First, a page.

How do the networks of individuals
in groups and teams affect how successful those collectives
are? How do those networks evolve over time these basic questions
received a lot of attention in the 1950s, with experimental
work by Bavelas and colleagues in the Small Group Network
Laboratory in MIT, as well as Newcomb’s dormitory study
in Michigan. It was also an important component of the classic
Cave experiment in the 1960s. However, remarkably, research
focused at the nexus of teams/groups and social networks largely
disappeared from the 1960s to 2000, give or take. Probably
this reflects the fact that social network analysis, which
had a very active presence in social psychology in the 1950s
(Bavelas, Festinger, Newcomb, etc), largely shifted into sociology
in the 1960s and 1970s. In the last few years, with the enormous
increase in attention received by social network analysis,
there has been a modest resurgence of activity on the social
networks of small teams. Research by Nancy
Katz and me has been part of that emerging body of work.
In the first three papers below, we (in part together with
Holly Arrow and Noshir Contractor) review this literature,
highlighting particularly attractive avenues of research.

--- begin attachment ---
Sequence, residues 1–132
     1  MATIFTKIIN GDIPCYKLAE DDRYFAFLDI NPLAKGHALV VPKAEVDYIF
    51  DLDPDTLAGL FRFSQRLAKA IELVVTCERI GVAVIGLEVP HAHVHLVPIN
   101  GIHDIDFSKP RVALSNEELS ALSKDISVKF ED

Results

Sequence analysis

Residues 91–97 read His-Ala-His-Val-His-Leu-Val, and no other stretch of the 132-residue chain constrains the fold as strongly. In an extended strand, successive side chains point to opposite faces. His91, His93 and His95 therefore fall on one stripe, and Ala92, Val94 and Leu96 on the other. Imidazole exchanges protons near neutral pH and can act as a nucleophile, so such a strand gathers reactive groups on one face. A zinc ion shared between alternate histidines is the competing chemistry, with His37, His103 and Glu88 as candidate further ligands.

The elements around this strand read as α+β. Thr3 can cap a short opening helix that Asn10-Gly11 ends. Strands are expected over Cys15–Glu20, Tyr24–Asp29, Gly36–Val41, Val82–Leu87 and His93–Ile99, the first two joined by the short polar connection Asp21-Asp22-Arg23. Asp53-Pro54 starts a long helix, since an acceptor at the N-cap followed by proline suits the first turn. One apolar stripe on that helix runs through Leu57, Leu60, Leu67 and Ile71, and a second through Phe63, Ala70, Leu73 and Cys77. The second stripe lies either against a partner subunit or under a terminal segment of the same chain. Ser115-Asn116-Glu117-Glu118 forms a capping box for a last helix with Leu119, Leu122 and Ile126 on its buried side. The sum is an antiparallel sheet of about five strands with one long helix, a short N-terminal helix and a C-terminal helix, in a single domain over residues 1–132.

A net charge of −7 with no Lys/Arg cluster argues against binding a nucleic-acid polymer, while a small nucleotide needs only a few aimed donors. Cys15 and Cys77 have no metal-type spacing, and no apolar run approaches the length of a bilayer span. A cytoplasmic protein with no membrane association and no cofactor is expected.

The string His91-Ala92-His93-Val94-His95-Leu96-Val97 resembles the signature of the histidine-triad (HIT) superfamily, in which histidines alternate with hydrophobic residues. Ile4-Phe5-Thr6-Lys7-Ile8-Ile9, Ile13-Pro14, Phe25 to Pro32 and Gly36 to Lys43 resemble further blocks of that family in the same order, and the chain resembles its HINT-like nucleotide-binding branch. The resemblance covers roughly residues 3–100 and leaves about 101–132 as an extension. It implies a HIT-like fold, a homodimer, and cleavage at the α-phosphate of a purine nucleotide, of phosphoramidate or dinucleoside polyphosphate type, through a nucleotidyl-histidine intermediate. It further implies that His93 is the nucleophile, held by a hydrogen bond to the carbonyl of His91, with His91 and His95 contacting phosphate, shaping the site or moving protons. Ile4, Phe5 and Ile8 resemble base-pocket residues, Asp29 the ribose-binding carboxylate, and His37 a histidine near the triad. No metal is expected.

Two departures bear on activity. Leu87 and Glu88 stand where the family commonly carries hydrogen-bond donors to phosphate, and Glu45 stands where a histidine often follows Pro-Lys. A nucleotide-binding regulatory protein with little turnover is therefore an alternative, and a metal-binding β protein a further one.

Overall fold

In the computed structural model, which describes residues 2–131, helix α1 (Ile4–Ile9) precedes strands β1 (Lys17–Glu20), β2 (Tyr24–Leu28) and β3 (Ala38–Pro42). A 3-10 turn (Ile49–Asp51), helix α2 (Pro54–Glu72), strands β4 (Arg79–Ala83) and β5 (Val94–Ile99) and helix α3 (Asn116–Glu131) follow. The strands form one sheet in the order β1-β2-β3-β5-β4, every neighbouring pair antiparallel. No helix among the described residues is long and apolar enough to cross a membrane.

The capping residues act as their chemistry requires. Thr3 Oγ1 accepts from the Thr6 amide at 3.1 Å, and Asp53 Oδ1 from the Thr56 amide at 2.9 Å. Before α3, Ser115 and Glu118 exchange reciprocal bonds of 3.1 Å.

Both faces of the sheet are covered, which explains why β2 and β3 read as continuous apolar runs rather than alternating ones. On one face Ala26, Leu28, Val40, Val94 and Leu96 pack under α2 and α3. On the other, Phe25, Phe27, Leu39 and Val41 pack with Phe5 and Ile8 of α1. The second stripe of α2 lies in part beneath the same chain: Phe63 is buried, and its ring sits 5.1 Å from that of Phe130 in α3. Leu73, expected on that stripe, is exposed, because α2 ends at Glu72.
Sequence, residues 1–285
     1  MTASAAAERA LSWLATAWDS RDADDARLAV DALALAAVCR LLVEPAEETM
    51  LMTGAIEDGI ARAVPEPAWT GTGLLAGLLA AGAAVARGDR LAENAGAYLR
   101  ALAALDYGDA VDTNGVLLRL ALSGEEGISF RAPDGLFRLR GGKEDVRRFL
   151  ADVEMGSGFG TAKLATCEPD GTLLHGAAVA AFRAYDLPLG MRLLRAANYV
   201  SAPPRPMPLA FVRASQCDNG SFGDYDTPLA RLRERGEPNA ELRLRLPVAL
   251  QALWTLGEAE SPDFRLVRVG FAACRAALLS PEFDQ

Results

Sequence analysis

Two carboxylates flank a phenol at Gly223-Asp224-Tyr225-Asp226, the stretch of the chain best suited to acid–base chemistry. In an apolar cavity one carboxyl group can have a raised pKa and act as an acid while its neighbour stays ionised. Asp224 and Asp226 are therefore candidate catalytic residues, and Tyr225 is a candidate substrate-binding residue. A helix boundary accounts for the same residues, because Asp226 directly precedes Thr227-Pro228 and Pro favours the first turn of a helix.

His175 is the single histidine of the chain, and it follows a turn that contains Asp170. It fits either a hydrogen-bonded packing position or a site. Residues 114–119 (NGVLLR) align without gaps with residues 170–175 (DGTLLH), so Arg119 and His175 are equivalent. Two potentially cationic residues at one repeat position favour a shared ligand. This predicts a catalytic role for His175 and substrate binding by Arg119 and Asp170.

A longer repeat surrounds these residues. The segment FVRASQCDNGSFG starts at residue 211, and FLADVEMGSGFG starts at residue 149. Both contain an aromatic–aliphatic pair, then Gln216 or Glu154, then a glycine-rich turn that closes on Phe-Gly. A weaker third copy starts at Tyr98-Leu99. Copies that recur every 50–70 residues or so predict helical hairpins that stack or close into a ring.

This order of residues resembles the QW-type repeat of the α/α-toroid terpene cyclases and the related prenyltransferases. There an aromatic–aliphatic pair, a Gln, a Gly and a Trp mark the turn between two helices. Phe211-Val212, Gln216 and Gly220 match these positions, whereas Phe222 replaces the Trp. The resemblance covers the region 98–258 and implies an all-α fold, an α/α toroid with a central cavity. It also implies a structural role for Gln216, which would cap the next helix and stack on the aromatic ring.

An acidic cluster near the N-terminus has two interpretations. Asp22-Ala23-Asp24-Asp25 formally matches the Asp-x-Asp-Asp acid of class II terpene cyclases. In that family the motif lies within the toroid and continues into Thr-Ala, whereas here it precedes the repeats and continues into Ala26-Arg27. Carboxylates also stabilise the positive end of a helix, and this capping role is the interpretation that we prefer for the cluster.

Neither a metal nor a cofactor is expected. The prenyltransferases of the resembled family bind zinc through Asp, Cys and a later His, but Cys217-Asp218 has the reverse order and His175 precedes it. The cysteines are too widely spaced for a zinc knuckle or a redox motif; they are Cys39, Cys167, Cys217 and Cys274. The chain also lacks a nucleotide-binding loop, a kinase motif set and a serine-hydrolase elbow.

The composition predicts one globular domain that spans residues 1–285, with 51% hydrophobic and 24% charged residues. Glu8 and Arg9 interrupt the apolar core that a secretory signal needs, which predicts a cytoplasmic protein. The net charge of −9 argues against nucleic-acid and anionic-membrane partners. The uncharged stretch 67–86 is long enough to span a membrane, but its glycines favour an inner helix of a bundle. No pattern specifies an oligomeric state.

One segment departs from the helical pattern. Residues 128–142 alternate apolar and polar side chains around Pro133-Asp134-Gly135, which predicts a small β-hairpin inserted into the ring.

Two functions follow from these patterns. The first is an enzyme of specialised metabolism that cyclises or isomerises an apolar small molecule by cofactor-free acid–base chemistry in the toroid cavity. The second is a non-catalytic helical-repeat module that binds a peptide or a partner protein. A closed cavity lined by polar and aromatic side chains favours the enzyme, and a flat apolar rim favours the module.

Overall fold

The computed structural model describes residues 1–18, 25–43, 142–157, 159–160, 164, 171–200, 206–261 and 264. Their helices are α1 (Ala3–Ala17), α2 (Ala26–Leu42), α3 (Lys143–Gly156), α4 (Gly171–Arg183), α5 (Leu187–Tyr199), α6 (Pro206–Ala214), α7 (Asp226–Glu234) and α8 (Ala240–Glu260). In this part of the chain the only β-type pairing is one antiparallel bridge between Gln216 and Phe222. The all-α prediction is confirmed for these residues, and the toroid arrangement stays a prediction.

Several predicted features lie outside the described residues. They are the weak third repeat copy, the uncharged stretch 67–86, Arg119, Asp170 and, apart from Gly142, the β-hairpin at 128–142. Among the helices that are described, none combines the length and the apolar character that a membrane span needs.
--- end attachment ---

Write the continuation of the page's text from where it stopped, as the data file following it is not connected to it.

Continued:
In the fourth paper, we import ideas from economic sociology—relational
and structural embeddedness— to examine how teams overcome
potential free rider problems. In the fifth paper (with Brian
Rubineau and Carol Chetkovich), we examine social influence
(1) Nancy Katz and David Lazer,
Effective Intra-Organizational Networks: The Role of Teams,"
Center for Public Leadership, Harvard University.
(2) Nancy Katz, David Lazer, Holly
Arrow, and Noshir Contractor, "Network Theory and
Small Groups," Small Group Research 35(3), June 2004.
(3) Nancy Katz, David Lazer, Holly
Arrow, and Noshir Contractor, "Network Theory and Group
Research," in Andrea Hollingshead and Scott Poole (eds),
Perspectives on Small Group Research, Sage: 2005.
(4) David Lazer and Nancy Katz,
"Regulating Effort: the role of embeddedness in teams" revising for resubmission to Academy of Management
(5) Brian Rubineau, David Lazer,
Nancy Katz, and Carol Chetkovich, "Birds of a Feather
or Dogs on the Tether: Distinguishing Social Influence from
Homophily," paper to be presented at the 2006 Sunbelt
**(For any of
the above articles without a link, please
for a PDF or hardcopy)
For more information, as well
as more papers, you can go to the
TeamNet project website.